key witnesses for a documentary on the unfolding story.
In person, Ayers positively identified Morales and
Campbell and introduced me to David Rabern, a freelance
operative who was part of the Bay of Pigs invasion
force in 1961 and was at the Ambassador hotel that
night. He did not know Morales and Campbell by name but
saw them talking to each other out in the lobby before
the shooting and assumed they were Kennedy’s security
people. He also saw Campbell around police stations
three or four times in the year before Robert Kennedy
was shot.

This was odd. The CIA had no domestic jurisdiction and
Morales was stationed in Laos in 1968. With no secret
service protection for presidential candidates in those
days, Kennedy was guarded by unarmed Olympic decathlete
champion Rafer Johnson and football tackler Rosey Grier
– no match for an expert assassination team.

Trawling through microfilm of the police investigation,
I found further photographs of Campbell with a third
figure, standing centre-stage in the Ambassador hotel
hours before the shooting. He looked Greek, and I
suspected he might be George Joannides, chief of
psychological warfare operations at JM-Wave. Joannides
was called out of retirement in 1978 to act as the CIA
liaison to the House Select Committee on Assassinations
(HSCA) investigating the death of John F Kennedy.

Ed Lopez, now a respected lawyer at Cornell University,
came into close contact with Joann-des when he was a
young law student working for the committee. We visit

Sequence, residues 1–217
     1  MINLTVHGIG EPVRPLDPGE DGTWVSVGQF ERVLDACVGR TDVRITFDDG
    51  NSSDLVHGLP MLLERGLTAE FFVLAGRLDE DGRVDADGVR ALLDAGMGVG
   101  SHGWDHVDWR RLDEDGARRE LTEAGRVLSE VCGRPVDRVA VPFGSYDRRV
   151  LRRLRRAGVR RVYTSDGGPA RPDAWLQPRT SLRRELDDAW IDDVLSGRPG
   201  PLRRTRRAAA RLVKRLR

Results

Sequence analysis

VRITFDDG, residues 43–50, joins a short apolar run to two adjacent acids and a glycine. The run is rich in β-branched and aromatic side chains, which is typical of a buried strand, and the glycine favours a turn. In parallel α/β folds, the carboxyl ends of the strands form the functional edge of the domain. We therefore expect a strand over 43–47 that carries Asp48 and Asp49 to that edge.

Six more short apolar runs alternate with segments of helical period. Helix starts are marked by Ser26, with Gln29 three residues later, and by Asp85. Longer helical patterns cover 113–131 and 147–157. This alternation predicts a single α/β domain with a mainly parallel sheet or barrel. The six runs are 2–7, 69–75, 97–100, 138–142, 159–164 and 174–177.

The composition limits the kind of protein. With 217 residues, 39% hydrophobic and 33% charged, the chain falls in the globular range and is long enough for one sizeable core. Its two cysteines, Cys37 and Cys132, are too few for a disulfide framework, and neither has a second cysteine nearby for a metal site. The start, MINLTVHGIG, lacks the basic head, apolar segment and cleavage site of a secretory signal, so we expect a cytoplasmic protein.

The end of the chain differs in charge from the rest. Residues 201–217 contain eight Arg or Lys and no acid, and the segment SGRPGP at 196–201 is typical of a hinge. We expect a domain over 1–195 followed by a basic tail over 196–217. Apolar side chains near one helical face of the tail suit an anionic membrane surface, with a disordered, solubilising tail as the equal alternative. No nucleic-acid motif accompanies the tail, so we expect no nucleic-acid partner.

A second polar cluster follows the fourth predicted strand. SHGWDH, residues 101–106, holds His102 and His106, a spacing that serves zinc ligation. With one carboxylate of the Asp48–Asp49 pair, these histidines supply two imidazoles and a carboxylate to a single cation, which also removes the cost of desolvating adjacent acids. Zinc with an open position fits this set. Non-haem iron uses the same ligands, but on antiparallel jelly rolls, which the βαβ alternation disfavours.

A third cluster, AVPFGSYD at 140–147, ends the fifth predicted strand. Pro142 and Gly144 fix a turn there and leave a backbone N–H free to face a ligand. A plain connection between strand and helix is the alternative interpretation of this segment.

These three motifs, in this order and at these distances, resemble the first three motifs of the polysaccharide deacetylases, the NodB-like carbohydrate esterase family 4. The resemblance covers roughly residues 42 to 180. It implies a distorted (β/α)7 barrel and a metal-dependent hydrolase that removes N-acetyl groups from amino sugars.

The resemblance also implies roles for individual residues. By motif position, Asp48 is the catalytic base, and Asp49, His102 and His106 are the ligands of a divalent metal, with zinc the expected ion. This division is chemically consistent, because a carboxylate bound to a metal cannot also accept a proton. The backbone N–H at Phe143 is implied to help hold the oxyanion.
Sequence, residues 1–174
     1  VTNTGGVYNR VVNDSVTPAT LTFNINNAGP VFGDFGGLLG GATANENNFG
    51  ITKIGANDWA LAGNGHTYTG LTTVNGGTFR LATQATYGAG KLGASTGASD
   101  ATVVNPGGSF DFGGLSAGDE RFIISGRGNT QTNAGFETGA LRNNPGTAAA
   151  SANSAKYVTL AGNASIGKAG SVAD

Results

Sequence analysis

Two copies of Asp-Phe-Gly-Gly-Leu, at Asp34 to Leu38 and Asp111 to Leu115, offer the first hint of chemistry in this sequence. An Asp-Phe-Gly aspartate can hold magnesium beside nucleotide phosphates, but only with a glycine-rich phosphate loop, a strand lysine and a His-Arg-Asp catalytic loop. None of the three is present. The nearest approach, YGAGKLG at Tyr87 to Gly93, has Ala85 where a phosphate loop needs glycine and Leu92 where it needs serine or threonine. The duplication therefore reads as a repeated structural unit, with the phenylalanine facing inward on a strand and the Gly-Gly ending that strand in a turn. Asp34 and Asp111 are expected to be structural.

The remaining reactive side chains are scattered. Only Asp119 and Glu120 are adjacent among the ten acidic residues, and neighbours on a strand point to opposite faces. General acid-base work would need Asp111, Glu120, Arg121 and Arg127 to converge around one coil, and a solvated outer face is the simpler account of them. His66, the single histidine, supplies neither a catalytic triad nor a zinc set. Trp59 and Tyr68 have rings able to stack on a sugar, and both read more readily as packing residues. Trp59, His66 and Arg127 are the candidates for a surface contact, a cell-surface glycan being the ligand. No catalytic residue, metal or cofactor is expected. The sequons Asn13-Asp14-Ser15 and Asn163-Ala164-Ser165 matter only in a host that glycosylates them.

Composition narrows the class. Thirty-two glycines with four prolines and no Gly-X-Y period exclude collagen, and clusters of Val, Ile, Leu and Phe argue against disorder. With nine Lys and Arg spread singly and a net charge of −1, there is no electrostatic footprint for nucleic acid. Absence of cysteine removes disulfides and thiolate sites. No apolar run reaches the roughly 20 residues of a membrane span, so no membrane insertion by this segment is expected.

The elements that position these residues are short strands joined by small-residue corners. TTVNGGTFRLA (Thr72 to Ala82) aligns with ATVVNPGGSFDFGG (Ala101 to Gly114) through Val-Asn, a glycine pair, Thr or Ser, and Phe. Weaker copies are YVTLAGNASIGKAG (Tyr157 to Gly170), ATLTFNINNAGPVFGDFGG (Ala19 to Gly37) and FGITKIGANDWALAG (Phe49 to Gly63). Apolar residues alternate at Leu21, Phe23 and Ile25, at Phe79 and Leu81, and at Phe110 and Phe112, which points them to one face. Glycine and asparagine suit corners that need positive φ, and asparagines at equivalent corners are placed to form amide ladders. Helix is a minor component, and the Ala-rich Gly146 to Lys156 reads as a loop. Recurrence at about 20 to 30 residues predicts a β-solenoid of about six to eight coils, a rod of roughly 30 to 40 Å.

him and show him the photograph and he is 99% sure it
is Joannides. When I tell him where it was taken, he is
not surprised: “If these guys decided you were bad,
they acted on it.

We move to Washington to meet Wayne Smith, a state
department official for 25 years who knew Morales well
at the US embassy in Havana in 1959-60. When we show
him the video in the ballroom, his response is instant:
“That’s him, that’s Morales.” He remembers Morales at a
cocktail party in Buenos Aires in 1975, saying Kennedy
got what was coming to him. Is there a benign
explanation for his presence? For Kennedy’s security,
maybe? Smith laughs. Morales is the last person you
would want to protect Bobby Kennedy, he says. He hated
the Kennedys, blaming their lack of air support for the
failed Bay of Pigs invasion in 1961.

We meet Clines in a hotel room near CIA headquarters.
He does not want to go on camera and brings a friend,
which is a little unnerving. Clines remembers “Dave”
fondly. The guy in the video looks like Morales but it
is not him, he says: “This guy is fatter and Morales
walked with more of a slouch and his tie down.” To me,
the guy in the video does walk with a slouch and his
tie is down.

Clines says he knew Joannides and Campbell and it is
not them either, but he fondly remembers Ayers bringing
snakes into JM-Wave to scare the secretaries and seems
disturbed at Smith’s identification of Morales. He does
not discourage our investigation and suggests others
who might be able to help. A seasoned journalist
cautions that he would expect Clines “to blow smoke”,
and yet it seems his honest opinion.

As we leave Los Angeles, I tell the immigration officer
that I am doing a story on Bobby Kennedy. She has seen
the advertisements for the new Emilio Estevez movie
about the assassination, Bobby. “Who do you think did
it? I think it was the Mob,” she says before I can
answer.

“I definitely think it was more than one man,” I say,
discreetly.

Morales died of a heart attack in 1978, weeks before he
was to be called before the HSCA. Joannides died in
1990. Campbell may still be out there somewhere, in his
early 80s. Given the positive identifications we have
gathered on these three, the CIA and the Los Angeles
Police Department need to explain what they were doing
there. Lopez believes the CIA should call in and
interview everybody who knew them, disclose whether
they were on a CIA operation and, if not, why they were
there that night.

Today would have been Robert Kennedy’s 81st birthday.
The world is crying out for a compassionate leader like
him. If dark forces were behind his elimination, it
needs to be investigated

READ  THE SPECIAL FORCES UNDERGROUND